The convoy was repeatedly attacked by both surface vessels of the Italian Navy and from the air by both German and Italian bombers. Four of the merchantmen were abandoned or sunk. The destroyer Bedoin was lost. Both the cruiser Liverpool and the Destroyer Partridge were badly damaged. During these actions Rye shot down two enemy aircraft. She also picked up survivors from the SS Tanimbar and SS Chant. Rye and Hebe were ordered to sink the SS Kentucky, a tanker whose engines were out of order due to a near miss from bombs. Rye took off the crew after which both Sweepers bombarded the Tanker with gunfire, setting her on fire.
Rye hits a Mine
In the approaches to Malta, Hythe cut a mine which surfaced ahead of H.M.S Rye. The Rye hit it directly on her bow and between the mine’s horns, shattering its internal mechanisms. The mine bumped right down the side of the hull but did not explode. Thereafter she became known as the “Lucky Rye”.
The depleted minesweeper force at Malta had mounted a desperate four day operation to keep the approaches and entrance to the harbour clear of mines, sweeping while being attacked by M.E. 109s and even while mines were being dropped around them. In spite of these heroic efforts the destroyer Kujawiak was sunk and two other destroyers Badsworth and Matchless and the supply ship Orari were damaged by mines, the merchant vessel in the very entrance to Valletta Harbour, by mines that had gone undetected.
The very next day, Rye, Speedy and Hythe, all surviving the passage to Malta damaged but still operational, went to work. Hebe was out of action for some time due to repair. From 17 June until the end of that month they destroyed no less than 60 mines and cleared the approach channel to a distance of three miles from the Harbour.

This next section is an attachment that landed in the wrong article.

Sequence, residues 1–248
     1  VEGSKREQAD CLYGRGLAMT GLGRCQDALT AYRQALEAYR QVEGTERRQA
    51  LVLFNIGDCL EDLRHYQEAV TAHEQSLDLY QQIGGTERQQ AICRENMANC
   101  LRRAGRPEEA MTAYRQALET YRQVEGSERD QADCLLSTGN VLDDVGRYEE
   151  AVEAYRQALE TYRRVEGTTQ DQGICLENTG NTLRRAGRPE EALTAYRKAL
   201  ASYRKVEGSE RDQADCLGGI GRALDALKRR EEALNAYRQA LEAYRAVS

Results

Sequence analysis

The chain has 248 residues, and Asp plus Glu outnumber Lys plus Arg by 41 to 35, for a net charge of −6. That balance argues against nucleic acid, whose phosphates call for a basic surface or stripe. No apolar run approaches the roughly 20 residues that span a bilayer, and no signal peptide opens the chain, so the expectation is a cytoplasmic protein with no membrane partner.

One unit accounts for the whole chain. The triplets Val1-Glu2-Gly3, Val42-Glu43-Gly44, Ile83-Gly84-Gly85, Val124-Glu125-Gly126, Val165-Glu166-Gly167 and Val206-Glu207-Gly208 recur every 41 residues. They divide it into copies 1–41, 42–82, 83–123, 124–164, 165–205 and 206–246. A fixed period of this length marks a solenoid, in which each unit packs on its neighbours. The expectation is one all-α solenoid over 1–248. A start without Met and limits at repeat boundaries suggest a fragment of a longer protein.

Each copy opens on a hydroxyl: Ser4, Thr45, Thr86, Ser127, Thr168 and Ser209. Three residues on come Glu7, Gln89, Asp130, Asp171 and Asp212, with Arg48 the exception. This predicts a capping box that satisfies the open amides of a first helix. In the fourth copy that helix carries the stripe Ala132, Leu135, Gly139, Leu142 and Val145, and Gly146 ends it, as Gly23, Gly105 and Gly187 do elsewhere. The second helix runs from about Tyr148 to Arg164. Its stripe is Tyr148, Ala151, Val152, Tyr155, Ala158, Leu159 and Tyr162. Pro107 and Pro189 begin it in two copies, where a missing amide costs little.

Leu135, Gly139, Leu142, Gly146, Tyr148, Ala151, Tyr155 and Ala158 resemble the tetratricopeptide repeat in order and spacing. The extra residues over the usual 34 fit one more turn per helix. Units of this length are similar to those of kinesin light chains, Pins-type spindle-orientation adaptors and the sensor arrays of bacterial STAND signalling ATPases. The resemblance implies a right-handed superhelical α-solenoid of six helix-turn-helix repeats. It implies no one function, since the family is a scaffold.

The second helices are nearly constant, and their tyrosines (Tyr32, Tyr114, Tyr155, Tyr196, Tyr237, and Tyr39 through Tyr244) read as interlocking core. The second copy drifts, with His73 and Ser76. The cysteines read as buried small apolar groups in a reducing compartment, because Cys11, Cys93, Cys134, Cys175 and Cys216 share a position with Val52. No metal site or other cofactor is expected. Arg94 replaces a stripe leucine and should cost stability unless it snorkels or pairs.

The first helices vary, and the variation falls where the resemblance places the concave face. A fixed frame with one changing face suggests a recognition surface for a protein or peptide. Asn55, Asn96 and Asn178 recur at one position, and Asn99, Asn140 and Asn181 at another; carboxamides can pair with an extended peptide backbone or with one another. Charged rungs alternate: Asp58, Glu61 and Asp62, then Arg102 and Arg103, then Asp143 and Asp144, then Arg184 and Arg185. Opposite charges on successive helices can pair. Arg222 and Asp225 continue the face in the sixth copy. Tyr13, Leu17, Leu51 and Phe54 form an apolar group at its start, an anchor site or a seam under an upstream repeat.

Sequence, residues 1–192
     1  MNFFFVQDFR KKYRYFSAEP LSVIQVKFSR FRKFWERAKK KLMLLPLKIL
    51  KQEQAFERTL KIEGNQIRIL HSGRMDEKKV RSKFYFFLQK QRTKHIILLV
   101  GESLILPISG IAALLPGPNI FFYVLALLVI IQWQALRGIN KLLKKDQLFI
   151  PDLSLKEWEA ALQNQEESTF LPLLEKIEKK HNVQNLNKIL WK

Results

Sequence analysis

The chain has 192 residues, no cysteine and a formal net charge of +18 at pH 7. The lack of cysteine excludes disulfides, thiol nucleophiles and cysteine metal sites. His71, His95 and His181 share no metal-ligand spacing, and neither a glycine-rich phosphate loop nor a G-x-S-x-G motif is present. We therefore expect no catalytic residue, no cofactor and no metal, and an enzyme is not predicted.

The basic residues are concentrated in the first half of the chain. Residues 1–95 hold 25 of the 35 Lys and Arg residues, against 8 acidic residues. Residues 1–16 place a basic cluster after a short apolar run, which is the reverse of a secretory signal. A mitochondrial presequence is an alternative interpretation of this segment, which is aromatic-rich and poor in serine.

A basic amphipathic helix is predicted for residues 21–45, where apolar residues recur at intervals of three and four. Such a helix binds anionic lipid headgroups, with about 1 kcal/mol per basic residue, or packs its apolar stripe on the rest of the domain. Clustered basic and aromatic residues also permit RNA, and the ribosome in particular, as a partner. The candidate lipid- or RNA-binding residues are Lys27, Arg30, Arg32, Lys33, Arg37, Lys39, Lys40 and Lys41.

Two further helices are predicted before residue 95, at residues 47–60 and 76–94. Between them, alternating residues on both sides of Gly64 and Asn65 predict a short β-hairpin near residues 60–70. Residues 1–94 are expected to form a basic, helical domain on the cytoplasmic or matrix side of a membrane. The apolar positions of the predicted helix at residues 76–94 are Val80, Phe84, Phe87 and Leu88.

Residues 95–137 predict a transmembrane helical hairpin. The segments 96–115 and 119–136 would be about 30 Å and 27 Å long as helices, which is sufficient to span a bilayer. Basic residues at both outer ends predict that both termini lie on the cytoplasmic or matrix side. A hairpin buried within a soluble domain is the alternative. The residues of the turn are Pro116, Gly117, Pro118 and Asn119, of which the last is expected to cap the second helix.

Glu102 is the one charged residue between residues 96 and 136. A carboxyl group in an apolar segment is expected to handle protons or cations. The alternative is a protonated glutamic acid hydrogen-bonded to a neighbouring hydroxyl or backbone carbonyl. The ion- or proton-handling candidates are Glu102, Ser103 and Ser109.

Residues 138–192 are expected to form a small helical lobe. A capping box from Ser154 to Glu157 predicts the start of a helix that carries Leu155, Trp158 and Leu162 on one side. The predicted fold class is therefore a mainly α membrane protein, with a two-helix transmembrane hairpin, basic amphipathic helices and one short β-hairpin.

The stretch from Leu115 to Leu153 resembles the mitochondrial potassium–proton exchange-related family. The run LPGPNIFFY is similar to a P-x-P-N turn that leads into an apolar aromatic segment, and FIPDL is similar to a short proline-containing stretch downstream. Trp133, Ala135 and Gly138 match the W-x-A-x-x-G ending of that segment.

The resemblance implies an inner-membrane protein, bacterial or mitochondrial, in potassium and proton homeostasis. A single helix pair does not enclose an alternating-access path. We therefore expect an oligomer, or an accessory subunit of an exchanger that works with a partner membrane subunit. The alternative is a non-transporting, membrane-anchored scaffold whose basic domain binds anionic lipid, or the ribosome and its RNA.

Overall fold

By mid August the minesweepers were on top of their task and submarines were again able to operate from Malta. Food and Fuel supplies were at an all time low however and a convoy with supplies was desperately needed.
We have all heard of “Operation Pedestal”, made famous by the classic film “The Malta Story”. The saga of the oil tanker Ohio whose gallant entry into the Grand Harbour on 15 August signalled the turning point in the Island’s war and resulted in the unique George Cross award to Malta and her long suffering population. But what of H.M.S Rye’s contribution to Pedestal? They have not been so well publicised. Let us put the record straight.
On the 13 August 1942 Rye was detached from the other ships in her group and set off with the motor launches 121 and 168 to assist the destroyer Penn with the tanker Ohio.
At 16;43 Lt. J.A. Pearson RNR, Captain of the Rye, reported in his log that they were being shadowed by enemy aircraft. At five in the evening they sighted the Ohio. Half an hour later they were engaged by enemy aircraft and attacked with torpedoes. 15 minutes after the attack Rye had joined Ohio and the Penn. The Ohio had been badly damaged by then and the crew had been removed to the destroyer which was in the act of reconnecting her tow wire. Towing was resumed. It was decided that Rye’s sweep wires could be used for towing and by 6;15pm they were attached to Ohio and Penn.
Rye Disappears from Sight
Thirty minutes later Rye was attacked by about 16 aircraft and disappeared in plumes of water, she emerged unscathed, the bombs had missed her by 20 feet! At 8;30 that evening the tow was continuing towards Malta, then the dive-bombers came, putting Ohio out of control and forcing the Captain of the Penn to give the order for both Penn and Rye to slip the tow lines. Ohio, by this time listed badly to port, she had suffered more damage, her steering was impeded by blows to her stern.